Trump's fundraising success
Taylor Budowich, a spokesman for Trump, boasted about the former president's record on endorsing GOP candidates and their fundraising success.
"President Trump's endorsement record stands at 146-10, his Save America political committee continues to raise unprecedented amounts of money and the American people remain hungry for his leadership," Budowich said. "And as another witch hunt is blowing up in the faces of Democrats, President Trump is in a stronger position now than at anytime before."
Still, some potential Republican candidates have already been gathering enough donations that show they can compete against Trump's political juggernaut if they were to run for president.
DeSantis raised just over $10 million in May for his 2022 reelection bid for governor. That brought his total fundraising haul in the current election cycle to over $120 million, according to the Tallahassee Democrat. Meanwhile, Pence has been meeting with political donors as he lays the groundwork for a potential 2024 run. Trump has criticized his former No. 2 for certifying the 2020 election results on Jan. 6, as rioters called for him to be hanged.
Pence spoke to the New York State Conservative Party last week, with tickets going for up to $5,000 per person, according to an invitation reviewed by CNBC. He's also set to meet with dozens of donors at a private retreat in Montana in September, according to a person briefed on the matter. A Pence political advisor confirmed the retreat will take place in support of the former vice president's 501(c)(4), Advancing American Freedom.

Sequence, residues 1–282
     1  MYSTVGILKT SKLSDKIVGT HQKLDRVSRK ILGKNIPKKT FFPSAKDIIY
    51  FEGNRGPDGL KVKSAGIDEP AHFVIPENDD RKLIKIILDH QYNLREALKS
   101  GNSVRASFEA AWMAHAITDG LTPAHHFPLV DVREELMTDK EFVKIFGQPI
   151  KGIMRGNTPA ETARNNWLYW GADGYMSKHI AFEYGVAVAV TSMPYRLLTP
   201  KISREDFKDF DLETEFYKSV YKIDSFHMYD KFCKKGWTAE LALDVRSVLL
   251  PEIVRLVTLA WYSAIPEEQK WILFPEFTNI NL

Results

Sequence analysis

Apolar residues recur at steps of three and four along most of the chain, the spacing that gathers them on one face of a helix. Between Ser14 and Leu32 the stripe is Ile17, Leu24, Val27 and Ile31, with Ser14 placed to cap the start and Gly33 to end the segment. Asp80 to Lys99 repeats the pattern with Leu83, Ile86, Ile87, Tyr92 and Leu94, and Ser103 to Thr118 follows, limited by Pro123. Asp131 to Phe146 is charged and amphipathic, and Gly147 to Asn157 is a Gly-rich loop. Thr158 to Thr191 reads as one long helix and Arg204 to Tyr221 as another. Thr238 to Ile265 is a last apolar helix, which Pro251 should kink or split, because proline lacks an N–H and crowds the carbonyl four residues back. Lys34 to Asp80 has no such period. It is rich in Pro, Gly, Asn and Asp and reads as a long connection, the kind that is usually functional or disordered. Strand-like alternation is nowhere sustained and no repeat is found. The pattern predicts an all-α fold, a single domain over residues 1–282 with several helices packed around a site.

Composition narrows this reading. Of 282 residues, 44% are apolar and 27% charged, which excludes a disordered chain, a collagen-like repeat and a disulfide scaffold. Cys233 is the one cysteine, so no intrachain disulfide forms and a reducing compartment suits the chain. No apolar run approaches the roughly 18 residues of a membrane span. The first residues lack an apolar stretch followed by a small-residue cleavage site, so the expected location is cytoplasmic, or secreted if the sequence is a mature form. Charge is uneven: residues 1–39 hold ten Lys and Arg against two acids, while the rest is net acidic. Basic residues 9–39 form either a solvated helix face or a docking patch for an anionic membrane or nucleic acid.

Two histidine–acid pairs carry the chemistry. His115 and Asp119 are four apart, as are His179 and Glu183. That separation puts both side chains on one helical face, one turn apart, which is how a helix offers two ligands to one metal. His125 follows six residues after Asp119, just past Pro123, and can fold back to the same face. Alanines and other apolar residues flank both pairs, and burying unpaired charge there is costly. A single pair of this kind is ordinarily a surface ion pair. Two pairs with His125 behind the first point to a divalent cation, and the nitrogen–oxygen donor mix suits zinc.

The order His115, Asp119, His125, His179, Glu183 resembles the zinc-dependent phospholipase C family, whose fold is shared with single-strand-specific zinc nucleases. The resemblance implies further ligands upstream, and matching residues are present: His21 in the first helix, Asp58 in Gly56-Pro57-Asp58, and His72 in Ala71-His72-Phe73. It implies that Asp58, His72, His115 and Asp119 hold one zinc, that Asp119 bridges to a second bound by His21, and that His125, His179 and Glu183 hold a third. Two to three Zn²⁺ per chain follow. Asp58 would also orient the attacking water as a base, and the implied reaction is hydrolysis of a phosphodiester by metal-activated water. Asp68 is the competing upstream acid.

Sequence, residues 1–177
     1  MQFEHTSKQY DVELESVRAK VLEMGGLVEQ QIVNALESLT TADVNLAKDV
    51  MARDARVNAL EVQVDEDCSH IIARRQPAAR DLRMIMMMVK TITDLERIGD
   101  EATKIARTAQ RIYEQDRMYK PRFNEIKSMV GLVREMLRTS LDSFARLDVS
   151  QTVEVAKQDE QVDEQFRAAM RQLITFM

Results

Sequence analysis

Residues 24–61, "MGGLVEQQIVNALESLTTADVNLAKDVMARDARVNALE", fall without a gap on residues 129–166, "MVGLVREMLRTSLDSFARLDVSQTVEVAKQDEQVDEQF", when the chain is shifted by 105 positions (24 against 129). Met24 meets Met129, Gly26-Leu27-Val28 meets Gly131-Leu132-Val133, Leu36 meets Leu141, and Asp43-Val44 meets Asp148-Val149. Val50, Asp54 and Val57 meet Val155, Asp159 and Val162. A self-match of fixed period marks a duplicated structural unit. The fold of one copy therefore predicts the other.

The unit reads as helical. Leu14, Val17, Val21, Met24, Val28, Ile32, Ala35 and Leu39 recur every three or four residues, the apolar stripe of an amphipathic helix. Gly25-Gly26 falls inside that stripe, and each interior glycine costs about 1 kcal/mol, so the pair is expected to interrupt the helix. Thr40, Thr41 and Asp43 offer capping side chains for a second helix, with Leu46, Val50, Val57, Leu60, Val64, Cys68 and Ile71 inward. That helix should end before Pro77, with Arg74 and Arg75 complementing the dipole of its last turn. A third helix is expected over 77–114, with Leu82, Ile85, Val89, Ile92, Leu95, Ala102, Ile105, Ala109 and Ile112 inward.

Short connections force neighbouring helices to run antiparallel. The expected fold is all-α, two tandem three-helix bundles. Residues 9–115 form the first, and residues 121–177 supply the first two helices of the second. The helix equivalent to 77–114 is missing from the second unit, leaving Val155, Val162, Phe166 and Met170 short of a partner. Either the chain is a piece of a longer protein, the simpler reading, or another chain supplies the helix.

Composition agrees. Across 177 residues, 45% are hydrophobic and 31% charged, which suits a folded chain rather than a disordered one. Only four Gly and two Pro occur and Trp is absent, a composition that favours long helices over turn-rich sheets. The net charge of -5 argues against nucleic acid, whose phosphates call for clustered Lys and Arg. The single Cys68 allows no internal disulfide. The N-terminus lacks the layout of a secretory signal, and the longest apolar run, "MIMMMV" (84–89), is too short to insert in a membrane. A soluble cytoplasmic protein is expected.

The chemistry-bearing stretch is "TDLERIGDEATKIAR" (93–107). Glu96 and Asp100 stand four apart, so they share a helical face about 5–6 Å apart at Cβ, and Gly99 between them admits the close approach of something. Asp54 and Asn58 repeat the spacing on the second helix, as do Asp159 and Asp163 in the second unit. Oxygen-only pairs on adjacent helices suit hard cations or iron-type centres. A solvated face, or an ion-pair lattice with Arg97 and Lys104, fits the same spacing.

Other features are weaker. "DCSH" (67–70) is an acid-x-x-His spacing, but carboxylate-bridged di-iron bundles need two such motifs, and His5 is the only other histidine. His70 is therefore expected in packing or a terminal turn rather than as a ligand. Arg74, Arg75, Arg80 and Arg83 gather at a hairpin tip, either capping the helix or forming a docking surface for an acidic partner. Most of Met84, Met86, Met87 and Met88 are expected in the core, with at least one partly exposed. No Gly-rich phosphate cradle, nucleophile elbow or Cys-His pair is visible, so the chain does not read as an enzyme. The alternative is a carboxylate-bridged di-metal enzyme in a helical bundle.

"There will be a mix of major donors, conservative thought leaders and elected officials," this advisor said. "The focus will be on the work AAF is doing, plans to impact policy issues important to midterms and a larger discussion on the agenda for the conservative movement."
The group recently launched a video that celebrated the Supreme Court's decision to overturn Roe v. Wade. Similar to a campaign style ad, it also highlighted Pence's positions on abortion and his role in advising Trump on choosing Justices Neil Gorsuch, Brett Kavanaugh and Amy Coney Barrett. The ad notably does not mention Trump by name.
The testimony by Hutchinson, a former aide to Trump's then-chief of staff Mark Meadows, was one of many recent breaking points for Republican megadonors who were waiting to decide whether to help Trump again, according to the people who helped in past campaigns.
Hutchinson delivered some of the Jan. 6 committee's most explosive testimony to date. She said she was told Trump lunged at a Secret Service agent after his security detail refused to take the former president to the U.S. Capitol to meet protestors who later rioted in the halls of Congress. Trump and his allies have tried to discredit her claims. The former president took to Truth Social to distance himself from Hutchinson, saying he barely knew her.
A Republican fundraiser, who actively raised money for Trump and the Republican National Committee in 2020, told CNBC after Tuesday's hearing, "I don't think any major donor with business interests would support a Trump presidential run after today's hearing." That person said they wouldn't feel comfortable, based on these findings, working for Trump's campaign again or raising money for another presidential run.
Some of Trump's business supporters had already disappeared from his corner immediately after the Jan. 6 attack. Home Depot co-founder Ken Langone, who openly supported Trump's policies when he was president, said after the riot that he felt "betrayed" by him.
Trump had a bevy of big name GOP backers, including members of the Mercer family, Blackstone CEO Steve Schwarzman, casino magnates Miriam Adelson and her late husband Sheldon Adelson and Wall Street executive Nelson Peltz. Many of those donors supported Trump in 2016 as the Republican primary came to a close and later his 2020 reelection bid.